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首页 » 经典英文小说 » The Mystery at Camp Lenape » CHAPTER XIV SO LONG, LENAPE!
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CHAPTER XIV SO LONG, LENAPE!
It was past ten o’clock that night when Jerry and Jake Utway tapped softly on the door of the trunk room. The door opened a crack.

“It’s us—the twins!” Jerry whispered urgently. “Are you all right?”

“Yes. Come in,” responded a familiar voice. The two boys, with a backward look into the starlit night, slid through the doorway, and Jake snapped on his flashlight.

They saw before them a stranger. No, it was Burk—but a different Burk, a man new-made in the few hours since they had seen him. Now, they could see that he was quite a young man, a being entirely different from the haggard, bearded fugitive they had rescued. During siesta hour, as they had promised, they had smuggled into the hiding-place not only food, but also a razor with which Jake methodically scraped his upper lip every two weeks or so. They had also made up a bundle of clothing extracted from their camping outfits. But they had not expected such a transformation as that which had produced this likeable young fellow who now smiled back at them in the rays of the lantern.
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Burk had shed his drab convict’s clothing, torn and stained as it was. He was now attired in garments contributed by the twins, and wore a flannel shirt, black sweater under a Norfolk jacket, and Jake’s corduroy trousers. A pair of stout army shoes had replaced his sodden prison footwear. A cloth cap concealed his tell-tale cropped head; he would not dare to remove that cap where others might see him. His shaving operations had left a small, neat mustache on his lip, which gave him a cocky, cheerful look. In fact, the food and rest he had taken had done much to restore him to his old, care-free outlook upon life. This was a surprising Burk; he was actually grinning at them, as though his whole future did not depend upon the outcome of the adventure upon which they were about to embark.

“Is everything ready?” he asked.
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“Well,” answered Jake slowly, “we’ve had to make a few changes in our plans. It’s this way. A goofy kid named Jones, in my tent, has gone and gotten himself lost somewhere. Our leader is worried to death about what might have happened to him—this kid is a nosy bird we nicknamed Sherlock, and is always fussing around trying to detect things. He didn’t show up for supper, and everybody’s been chasing all over the place ever since, trying to find him. We’re supposed to be looking for him now ourselves.”

“I think, from what you say, that I know the boy you mean. Well, he detected himself into some trouble.”

“You’ve seen him? You know where he is?”

“I do. If you’ll look over in the corner, there by my bed, you’ll find him safe and sound, though a little scared.”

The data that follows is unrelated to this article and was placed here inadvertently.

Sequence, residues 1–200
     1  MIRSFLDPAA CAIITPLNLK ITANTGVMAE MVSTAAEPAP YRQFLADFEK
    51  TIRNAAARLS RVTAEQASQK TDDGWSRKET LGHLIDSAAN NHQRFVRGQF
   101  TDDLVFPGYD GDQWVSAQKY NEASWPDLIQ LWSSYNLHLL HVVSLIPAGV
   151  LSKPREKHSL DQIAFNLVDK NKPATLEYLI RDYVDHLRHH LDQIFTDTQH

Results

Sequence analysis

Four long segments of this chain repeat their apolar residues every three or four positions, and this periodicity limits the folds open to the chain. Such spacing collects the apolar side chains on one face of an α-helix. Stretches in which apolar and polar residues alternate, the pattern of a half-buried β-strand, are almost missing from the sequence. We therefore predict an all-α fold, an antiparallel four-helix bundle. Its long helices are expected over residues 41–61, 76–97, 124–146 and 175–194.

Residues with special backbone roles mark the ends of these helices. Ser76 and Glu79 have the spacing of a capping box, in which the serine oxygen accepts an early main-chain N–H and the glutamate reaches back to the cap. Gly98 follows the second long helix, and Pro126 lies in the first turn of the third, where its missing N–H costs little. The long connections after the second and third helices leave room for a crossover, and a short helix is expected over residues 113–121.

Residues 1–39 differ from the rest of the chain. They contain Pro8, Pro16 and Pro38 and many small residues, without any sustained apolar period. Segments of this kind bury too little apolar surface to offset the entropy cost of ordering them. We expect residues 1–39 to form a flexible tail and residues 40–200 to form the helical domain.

The Utway twins pushed past the speaker, and tiptoed to the place mentioned. Sure enough; there on the canvas lay Sherlock Jones, flat on his back, his wrists pinioned behind him, a gag in his mouth held in place by his own handkerchief, above which a pair of pale eyes goggled through his thick glasses with a piteous, pleading look. For some hours past, the amateur sleuth had been expecting a gruesome death any moment from the mysterious stranger who had trapped him; now, at sight of the notorious Utway brothers, he thought his last hour had struck. He wriggled in his bonds helplessly. Through all the long time of his captivity, Sherlock Jones had come to the conclusion that he didn’t want to be a famous detective. If he ever got through this harrowing experience alive, he’d never shadow another suspect again.
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“How—how did he get here?” gasped Jerry.

“I’m sorry for the poor chap, boys, but it couldn’t be helped. He was smart enough to find out where I was, and if I hadn’t tied him up, he would have had me caught in the wink of an eye! It was the only thing I could do.”

“Well, that’s not so good,” put in Jake. “Dog-gone it, why did he have to come snooping around right at this time? It’s a mess; it will make our getaway all the harder. I thought that all we would have to do would be to sneak out our stuff after Taps to-night, and hit the trail. But right now, half the camp is chasing all over the place, looking for this sap; if we try to get through now, they might easily spot us, and if we stay here, they might decide to look in here any minute. What’ll we do with him?”
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“Yes, what?” Jerry echoed. “If we don’t leave pretty quick, we’ll be nabbed. Sherlock heard everything, and we don’t dare let him go now. Even if we leave him here, he’ll work loose sooner or later, and that will be even worse for us.” He glared at the prostrate Sherlock, the whole cause of this hitch in their carefully laid plans. “I guess we’ll just have to tie him tight and get as far away as we can before he’s discovered.”

“You two are ready to travel, then?” asked Burk.

“We couldn’t get our blankets, because everybody in the tent is awake and up,” said Jerry, “but that’s all right. We can start right away, sure.” Both twins wore khaki hiking breeches, woolen stockings, flannel shirts, and high shoes, and each wore a heavy mackinaw that would protect him well from the cold.

Burk’s tone was serious. “And you’re still determined to run away from your friends and go with me? Don’t you think it would be wiser to let me start off alone, and let me take my chance without involving you in my trouble?”

“Dead sure. We go with you. Honest, we can help you a lot—we know all the trails around here, and we can hike fine. We’re with you to see this through to the finish!”